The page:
Novo Nordisk: Focusing the Corporate Brand
38 Pages Posted: 21 Oct 2008
Kare Schultz, COO of Denmark's Novo Nordisk, must choose one of several scenarios for focusing the company's corporate brand.
Focusing the Corporate Brand
For the past few years, Kåre Schultz, Novo Nordisk's chief operating officer (responsible for production, sales, and marketing) had grown increasingly concerned with the external image of the Danish pharmaceutical company in the global marketplace. Novo Nordisk had long been one of Denmark's most highly regarded corporations, but as a global brand its recognition did not really match the company's ambitions. For a number of years, Novo Nordisk had been working intensively with such elements as its vision, culture, and image; however, only now was the company ready to explicitly define itself as a global corporate brand. On this particular morning, Schultz was to participate in a final meeting with the executive management team to decide upon a platform for the future of the Novo Nordisk brand. Choosing this platform was expected to provide renewed direction for marketing and communication activities as well as focus for internal motivational programs. Still, choosing among the different alternatives that had been proposed was not going to be easy.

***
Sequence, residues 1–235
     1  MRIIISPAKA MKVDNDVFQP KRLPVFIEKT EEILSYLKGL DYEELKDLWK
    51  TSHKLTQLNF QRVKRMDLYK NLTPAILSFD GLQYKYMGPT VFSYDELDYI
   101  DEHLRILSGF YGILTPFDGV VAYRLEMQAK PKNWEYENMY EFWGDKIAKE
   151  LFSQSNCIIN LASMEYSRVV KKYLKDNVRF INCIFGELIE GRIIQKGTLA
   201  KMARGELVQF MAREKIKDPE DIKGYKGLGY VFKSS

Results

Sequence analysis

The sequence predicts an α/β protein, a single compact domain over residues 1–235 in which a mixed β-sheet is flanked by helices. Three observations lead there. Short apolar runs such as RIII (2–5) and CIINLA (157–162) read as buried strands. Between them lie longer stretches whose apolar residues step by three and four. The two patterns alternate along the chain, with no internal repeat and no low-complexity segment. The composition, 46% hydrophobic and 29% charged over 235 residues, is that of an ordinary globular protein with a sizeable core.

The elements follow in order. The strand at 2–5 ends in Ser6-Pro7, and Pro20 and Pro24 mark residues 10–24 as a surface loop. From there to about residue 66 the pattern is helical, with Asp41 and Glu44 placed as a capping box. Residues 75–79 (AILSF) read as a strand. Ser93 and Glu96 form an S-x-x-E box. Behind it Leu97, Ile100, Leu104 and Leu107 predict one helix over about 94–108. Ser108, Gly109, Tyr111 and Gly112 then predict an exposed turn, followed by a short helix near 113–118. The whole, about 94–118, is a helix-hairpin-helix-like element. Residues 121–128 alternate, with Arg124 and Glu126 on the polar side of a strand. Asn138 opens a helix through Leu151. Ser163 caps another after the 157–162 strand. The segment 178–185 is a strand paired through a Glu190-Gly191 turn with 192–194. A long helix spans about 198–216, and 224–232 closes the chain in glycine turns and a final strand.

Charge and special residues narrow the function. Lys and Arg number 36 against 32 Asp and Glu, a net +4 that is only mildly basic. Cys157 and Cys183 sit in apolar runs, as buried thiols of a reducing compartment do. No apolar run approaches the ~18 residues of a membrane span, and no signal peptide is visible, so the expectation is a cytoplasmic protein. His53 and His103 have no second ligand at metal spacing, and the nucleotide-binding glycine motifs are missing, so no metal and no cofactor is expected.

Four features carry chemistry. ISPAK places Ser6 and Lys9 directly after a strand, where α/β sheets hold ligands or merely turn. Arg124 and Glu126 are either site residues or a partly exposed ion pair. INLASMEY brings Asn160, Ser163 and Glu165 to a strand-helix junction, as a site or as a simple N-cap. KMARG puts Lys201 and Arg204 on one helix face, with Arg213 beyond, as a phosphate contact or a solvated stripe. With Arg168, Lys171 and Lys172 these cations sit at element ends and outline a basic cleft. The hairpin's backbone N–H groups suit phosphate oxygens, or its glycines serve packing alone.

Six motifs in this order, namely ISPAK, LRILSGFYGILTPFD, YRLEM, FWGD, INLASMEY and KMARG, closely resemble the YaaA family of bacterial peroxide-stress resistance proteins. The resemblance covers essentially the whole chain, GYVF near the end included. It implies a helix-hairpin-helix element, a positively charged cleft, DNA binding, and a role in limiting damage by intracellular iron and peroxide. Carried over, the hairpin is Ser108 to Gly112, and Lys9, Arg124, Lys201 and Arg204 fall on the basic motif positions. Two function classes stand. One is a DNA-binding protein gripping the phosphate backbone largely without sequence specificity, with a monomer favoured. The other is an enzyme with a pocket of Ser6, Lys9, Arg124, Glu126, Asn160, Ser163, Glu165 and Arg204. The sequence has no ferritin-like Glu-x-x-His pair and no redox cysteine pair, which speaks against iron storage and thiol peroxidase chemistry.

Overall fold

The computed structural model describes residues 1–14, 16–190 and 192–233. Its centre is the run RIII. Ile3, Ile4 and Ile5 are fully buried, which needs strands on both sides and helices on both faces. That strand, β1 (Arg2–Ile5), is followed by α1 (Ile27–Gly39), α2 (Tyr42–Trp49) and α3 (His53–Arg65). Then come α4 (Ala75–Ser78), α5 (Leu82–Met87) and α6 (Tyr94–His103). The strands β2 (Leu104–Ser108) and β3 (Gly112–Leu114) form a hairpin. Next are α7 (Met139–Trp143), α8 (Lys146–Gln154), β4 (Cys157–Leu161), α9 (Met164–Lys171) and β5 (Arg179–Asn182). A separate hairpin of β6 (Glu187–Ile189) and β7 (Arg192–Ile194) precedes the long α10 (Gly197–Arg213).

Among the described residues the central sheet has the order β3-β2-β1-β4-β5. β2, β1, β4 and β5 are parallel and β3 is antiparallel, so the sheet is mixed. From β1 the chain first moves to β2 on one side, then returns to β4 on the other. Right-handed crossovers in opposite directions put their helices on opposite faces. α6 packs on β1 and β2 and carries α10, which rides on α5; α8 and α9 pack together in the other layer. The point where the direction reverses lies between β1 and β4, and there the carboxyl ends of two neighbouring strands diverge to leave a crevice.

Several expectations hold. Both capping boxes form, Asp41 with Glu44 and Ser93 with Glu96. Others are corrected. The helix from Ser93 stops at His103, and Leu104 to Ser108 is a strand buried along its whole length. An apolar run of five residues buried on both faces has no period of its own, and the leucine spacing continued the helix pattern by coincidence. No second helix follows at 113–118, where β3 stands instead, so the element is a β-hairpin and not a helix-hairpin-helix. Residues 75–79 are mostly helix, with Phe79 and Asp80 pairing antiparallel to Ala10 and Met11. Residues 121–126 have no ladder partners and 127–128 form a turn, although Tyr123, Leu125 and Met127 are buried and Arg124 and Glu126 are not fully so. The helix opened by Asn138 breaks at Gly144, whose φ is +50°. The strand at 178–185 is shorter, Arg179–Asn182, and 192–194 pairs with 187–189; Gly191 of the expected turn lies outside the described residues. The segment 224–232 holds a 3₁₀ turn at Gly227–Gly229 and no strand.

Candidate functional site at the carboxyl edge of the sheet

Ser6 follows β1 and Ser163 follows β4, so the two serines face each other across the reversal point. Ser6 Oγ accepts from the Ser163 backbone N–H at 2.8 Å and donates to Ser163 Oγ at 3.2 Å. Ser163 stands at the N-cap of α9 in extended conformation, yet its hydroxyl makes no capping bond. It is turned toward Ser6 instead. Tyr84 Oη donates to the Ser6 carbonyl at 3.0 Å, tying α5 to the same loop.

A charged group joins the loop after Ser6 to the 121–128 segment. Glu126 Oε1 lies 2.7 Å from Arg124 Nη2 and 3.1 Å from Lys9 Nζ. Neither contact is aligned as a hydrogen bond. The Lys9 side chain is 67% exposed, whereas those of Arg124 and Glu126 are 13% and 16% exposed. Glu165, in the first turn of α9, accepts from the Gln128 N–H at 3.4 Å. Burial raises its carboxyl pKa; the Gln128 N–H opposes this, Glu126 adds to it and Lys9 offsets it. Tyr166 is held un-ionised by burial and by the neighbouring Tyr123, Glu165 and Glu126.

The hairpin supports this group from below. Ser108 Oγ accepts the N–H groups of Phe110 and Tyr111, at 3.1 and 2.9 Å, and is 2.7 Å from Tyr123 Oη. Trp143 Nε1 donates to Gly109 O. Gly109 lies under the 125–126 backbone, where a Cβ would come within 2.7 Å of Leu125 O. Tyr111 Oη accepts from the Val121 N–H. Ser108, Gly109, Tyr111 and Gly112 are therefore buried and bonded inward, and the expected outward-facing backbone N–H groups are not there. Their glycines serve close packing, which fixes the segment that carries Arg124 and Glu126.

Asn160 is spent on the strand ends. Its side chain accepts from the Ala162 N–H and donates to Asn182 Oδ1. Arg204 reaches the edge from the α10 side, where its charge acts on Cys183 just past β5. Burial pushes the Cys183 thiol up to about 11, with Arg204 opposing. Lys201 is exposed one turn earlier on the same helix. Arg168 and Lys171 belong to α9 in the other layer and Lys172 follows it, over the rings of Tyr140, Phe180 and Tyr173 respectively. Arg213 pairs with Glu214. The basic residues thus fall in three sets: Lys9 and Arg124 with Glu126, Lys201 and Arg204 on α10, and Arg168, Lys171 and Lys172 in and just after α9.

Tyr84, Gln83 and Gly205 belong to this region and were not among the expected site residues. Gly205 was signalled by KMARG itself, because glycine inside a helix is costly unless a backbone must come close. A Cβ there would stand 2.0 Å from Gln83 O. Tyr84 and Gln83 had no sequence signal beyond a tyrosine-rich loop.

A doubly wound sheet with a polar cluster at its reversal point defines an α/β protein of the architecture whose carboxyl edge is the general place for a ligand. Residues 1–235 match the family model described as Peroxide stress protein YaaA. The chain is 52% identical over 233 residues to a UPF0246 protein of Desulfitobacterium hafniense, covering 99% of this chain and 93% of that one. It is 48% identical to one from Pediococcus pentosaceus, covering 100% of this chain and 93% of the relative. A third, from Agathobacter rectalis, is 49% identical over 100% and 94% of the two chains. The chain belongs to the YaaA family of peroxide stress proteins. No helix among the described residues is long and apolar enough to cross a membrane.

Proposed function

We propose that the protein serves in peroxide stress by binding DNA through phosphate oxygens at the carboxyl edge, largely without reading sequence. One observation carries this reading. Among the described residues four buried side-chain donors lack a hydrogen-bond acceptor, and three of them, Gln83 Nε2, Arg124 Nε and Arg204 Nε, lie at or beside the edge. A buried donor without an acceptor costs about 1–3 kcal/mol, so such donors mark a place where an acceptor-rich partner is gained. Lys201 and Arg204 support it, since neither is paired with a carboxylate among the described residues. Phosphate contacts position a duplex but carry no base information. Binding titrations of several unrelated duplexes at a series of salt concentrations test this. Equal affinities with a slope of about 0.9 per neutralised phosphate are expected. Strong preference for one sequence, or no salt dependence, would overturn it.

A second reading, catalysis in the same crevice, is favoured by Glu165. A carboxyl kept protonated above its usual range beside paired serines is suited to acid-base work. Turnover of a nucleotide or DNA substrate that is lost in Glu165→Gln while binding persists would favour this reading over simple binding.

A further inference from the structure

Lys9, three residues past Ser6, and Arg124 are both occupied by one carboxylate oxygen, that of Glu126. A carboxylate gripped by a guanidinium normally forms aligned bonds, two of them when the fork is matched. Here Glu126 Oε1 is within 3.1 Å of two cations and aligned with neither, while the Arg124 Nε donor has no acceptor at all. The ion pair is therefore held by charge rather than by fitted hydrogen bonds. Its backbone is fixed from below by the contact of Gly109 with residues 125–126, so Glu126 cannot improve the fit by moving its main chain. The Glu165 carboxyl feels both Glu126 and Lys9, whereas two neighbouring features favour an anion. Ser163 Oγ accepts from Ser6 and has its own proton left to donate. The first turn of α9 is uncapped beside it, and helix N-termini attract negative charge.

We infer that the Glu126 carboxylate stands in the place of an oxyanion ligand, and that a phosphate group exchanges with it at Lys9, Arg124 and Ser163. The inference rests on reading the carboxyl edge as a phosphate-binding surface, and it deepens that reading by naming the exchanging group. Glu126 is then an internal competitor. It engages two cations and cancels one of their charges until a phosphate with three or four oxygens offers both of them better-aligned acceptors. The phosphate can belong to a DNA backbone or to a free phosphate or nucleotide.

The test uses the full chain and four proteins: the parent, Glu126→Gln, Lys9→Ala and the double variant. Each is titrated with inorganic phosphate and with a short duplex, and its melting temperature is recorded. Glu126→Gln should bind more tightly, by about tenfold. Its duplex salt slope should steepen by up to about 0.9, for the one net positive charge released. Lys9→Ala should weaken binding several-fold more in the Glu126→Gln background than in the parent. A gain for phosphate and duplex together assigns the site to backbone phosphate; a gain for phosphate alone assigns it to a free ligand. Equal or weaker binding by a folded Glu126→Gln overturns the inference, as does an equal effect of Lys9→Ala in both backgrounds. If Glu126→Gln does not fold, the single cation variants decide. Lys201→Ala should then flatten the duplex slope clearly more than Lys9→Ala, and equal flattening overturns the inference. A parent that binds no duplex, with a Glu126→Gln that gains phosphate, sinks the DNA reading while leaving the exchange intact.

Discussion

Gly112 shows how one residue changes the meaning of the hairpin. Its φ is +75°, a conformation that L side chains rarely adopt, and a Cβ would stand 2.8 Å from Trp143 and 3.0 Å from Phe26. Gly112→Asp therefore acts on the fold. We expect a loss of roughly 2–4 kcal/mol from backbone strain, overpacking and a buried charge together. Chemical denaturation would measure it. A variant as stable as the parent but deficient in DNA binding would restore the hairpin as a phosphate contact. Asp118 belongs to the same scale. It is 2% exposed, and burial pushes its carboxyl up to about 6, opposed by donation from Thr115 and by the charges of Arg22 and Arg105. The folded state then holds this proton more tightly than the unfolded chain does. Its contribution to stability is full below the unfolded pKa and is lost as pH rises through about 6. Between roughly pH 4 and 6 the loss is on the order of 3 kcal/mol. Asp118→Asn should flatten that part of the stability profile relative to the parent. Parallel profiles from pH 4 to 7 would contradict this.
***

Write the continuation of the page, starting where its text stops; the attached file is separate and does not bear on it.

Since the de-merger in the fall of 2000 that separated the company's healthcare and enzyme business areas, Novo Nordisk had been more clearly focused on its core business: diabetes. Still, approximately 30% of the annual turnover was generated in other areas such as haemophilia and growth-hormone therapy. Now the new entity—the world's largest producer of insulin—faced formidable challenges. With strong market share for its insulin products in both Europe and Japan, Novo Nordisk only had around 25% of the critical U.S. market and was competing intensely with its few but formidable competitors in regions with the strongest projected growth. Although Novo Nordisk had built strong recognition among medical specialists, the company was not well known by general practitioners or the wider public outside of Denmark. While this had not been a problem until now, it seemed likely to become a limiting factor in the future because general practitioners and end-users were increasingly making decisions about the medical treatment of diabetes. It was one thing to be one of Denmark's premier corporations and quite another to be known by policy makers or a general practitioner in Singapore.
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Keywords: brand management
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